Discussion in 'Photos & Bicycle Builds' started by Redmun, Jan 7, 2016.

  1. Redmun

    Redmun New Member

    Ok so i took it upon myself to get a engine kit (49cc 4stoke) for my huffy long story short ive ridden it 8 times the bigest issue im having is after letting it warm up i go ride engine seems fine i know im still in the break in process so im not maintaining constant speed purposefully but after a bit i lose compression and it seezes eventualy im able to turn it over but only after 20+ cranks. I assume there more then one possibility all help would greatly appreciated.

    Attached Files:

  2. JimL

    JimL New Member

    I am not quite following your description. Do you mean the engine locks up, and then can be pullstarted after it cools?

    Or do you mean the engine loses power AND compression, and thenspins freely when pulling the starter cord?

    If it locks up, the piston will have transfered aluminum into the cylinder walls. That neans a cylinder cleanup and new piston, and perhaps some work on the tune.

    If it loses compression, it could be exhaust valve seizing in the guide. Back in the 60s, we had a particular engine that was prone to seizing the exhaust valves in the guides when new. The problem (it was a car engine) was the later ignition timing required in the early days of emission controls. That particular fix required a custom valve guide reamer and about 4 hours of warranty work.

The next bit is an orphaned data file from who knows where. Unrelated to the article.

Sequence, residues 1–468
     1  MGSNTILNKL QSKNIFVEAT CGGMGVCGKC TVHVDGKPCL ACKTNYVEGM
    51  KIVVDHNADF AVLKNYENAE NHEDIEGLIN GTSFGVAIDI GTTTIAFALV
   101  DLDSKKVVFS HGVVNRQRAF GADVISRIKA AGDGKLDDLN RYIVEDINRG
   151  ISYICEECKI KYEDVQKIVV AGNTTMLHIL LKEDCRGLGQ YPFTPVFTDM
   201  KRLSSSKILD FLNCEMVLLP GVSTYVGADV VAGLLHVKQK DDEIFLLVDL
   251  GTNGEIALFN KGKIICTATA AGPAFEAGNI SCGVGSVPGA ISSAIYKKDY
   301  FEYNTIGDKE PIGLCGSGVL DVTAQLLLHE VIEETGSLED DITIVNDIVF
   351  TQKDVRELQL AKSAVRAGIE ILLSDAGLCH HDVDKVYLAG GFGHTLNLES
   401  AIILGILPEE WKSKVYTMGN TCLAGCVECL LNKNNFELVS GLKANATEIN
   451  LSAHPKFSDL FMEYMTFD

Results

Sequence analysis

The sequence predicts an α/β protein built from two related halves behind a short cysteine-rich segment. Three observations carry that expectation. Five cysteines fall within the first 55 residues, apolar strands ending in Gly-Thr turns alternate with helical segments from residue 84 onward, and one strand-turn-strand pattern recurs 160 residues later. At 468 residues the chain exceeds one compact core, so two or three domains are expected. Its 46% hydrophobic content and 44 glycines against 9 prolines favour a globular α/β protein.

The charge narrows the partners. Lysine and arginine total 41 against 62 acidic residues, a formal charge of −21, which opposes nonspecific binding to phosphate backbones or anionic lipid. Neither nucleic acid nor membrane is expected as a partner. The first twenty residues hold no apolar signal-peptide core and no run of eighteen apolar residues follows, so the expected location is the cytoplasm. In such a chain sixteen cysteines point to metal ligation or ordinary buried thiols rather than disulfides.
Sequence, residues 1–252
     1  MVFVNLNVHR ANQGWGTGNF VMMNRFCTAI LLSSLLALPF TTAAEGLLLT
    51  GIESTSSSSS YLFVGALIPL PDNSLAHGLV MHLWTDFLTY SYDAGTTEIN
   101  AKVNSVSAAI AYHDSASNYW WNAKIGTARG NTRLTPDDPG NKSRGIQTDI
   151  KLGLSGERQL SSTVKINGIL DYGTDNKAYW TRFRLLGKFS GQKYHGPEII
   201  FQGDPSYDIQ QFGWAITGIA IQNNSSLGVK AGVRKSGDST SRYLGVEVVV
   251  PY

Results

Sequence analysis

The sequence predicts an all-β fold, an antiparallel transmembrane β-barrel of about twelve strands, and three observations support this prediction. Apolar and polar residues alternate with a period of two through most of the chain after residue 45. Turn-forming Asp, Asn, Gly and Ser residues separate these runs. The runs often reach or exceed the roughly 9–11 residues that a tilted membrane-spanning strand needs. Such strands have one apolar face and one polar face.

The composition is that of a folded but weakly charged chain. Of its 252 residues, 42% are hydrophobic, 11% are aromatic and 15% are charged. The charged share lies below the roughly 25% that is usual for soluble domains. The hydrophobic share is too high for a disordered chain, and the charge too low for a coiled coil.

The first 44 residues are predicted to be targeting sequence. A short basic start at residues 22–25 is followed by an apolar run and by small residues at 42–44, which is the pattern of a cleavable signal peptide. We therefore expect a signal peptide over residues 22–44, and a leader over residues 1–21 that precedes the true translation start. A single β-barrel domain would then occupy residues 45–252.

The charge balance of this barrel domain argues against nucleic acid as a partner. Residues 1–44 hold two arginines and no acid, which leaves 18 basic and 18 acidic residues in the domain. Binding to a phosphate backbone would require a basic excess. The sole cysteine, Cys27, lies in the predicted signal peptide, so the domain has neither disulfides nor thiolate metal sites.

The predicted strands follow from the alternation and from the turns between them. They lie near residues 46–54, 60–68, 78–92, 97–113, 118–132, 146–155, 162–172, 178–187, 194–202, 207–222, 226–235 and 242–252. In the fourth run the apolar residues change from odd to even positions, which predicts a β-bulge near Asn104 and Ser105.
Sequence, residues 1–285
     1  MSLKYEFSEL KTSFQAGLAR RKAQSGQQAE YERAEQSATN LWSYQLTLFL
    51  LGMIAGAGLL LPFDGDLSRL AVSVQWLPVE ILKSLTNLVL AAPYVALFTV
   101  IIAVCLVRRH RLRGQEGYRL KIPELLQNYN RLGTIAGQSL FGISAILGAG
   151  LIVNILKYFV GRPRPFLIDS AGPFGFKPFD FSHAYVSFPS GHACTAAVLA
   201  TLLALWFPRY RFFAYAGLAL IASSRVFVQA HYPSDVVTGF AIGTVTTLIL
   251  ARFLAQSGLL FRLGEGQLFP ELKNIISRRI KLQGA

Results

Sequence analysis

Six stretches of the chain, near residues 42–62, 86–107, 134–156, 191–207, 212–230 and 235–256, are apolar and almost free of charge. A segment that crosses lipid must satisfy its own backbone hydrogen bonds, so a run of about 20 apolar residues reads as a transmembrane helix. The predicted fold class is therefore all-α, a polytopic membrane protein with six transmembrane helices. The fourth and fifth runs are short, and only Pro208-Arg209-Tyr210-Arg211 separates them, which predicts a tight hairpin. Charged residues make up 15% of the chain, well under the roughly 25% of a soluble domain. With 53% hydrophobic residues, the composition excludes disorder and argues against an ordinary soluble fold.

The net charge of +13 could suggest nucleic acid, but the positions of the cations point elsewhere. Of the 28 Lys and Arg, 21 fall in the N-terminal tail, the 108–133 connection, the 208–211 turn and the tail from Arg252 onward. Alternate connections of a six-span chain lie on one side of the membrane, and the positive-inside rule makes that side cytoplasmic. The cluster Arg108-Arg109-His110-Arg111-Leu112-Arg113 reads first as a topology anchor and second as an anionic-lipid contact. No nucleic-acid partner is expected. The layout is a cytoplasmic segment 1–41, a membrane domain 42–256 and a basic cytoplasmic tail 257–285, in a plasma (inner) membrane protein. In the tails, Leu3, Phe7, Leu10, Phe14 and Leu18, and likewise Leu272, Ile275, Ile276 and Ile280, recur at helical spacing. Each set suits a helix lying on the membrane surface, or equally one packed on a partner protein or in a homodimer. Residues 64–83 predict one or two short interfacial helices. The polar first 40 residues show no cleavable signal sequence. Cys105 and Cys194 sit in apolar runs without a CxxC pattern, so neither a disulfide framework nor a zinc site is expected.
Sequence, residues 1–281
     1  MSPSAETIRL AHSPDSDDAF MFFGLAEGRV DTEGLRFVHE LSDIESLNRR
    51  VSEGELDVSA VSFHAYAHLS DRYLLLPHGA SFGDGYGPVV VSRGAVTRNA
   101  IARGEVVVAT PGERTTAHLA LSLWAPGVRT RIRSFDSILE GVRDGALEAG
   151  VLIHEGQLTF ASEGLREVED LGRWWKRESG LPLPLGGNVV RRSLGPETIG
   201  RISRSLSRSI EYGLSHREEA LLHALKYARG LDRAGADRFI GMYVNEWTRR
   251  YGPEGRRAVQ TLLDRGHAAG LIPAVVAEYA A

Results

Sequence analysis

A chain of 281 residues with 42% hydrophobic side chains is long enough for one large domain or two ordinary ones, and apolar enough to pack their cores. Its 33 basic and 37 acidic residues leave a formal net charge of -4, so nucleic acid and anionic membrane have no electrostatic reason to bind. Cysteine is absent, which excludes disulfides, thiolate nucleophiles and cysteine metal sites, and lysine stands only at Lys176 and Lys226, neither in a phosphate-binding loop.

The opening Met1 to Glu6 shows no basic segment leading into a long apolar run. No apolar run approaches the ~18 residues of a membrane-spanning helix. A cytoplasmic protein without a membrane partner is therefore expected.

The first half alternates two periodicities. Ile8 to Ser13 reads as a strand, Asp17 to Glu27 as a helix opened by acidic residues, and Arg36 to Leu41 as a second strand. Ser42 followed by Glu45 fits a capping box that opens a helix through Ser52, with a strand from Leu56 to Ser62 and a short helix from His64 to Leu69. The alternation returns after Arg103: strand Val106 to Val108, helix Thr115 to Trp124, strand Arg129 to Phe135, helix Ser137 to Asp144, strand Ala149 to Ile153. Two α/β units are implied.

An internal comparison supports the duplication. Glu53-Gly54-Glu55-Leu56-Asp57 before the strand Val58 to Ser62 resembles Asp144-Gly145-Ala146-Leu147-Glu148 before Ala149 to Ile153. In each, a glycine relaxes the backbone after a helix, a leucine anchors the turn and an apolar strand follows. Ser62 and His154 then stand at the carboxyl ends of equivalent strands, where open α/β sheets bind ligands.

Late burn (or also long burn) can heat an exhaust valve enough to seize in the guide with subsequent loss of compression. Long burn often occurs when the tune is slightly lean, even if the timing is correct. The exhaust valve doesnt care....either condition will cause such a problem. I have seen poor quality valves (bad metalurgy) that experience valve stem bend (distortion) when overheated.

    Any time a 4-stroke spits flame back out the carb, as the throttle is opened, you are observing the result of long, lean burn. There was still fire in the cylinder, after the exhaust stroke, at the moment the intake valve started opening to bring in the next round of fuel and air.

    Remember, the burn speed drops WAY off once that exhaust valve is opened. Gasoline burns slow, yellow, and sooty when it is not compressed with air. That is why so many of us old line-mechanics occasionally burned off our eyebrows. We would look down the carb to see if the accelerator pump was working, while opening the throttle. The big yellow flash was followed by the smell of burnt hair. Nasty business, in those days.

    Pretty hard to guess what you have. It could be something else entirely.
    Redmun likes this.